This acknowledges that software can be a valuable, separately tradable commodity. It is intended to encompass software, which runs on or controls “dumb” or standard hardware, to carry out the desired functions. It is also intended to encompass software which “describes” or defines the configuration of hardware, such as HDL (hardware description language) software, as is used for designing silicon chips, or for configuring universal programmable chips, to carry out desired functions.

Those skilled in the art will realize that storage devices utilized to store program instructions can be distributed across a network. For example, a remote computer may store an example of the process described as software. A local or terminal computer may access the remote computer and download a part or all of the software to run the program. Alternatively, the local computer may download pieces of the software as needed, or execute some software instructions at the local terminal and some at the remote computer (or computer network). Those skilled in the art will also realize that by utilizing conventional techniques known to those skilled in the art that all, or a portion of the software instructions may be carried out by a dedicated circuit, such as a DSP, programmable logic array, or the like.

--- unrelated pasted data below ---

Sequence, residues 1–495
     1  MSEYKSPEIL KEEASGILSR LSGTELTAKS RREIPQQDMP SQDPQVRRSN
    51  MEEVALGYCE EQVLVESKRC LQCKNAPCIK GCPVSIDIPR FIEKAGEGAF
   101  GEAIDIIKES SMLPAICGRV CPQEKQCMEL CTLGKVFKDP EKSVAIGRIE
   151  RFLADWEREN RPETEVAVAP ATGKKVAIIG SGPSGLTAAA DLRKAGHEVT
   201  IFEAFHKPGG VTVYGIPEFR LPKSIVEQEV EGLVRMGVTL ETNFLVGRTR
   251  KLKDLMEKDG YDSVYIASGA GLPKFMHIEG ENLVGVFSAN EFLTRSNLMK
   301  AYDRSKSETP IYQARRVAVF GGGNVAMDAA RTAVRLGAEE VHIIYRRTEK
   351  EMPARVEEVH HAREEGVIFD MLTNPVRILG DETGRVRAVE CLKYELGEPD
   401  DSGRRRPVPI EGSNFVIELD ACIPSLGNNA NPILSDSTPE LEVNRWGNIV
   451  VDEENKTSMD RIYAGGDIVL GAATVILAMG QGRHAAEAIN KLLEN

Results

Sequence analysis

Any range or device value given herein may be extended or altered without losing the effect sought, as will be apparent to the skilled person.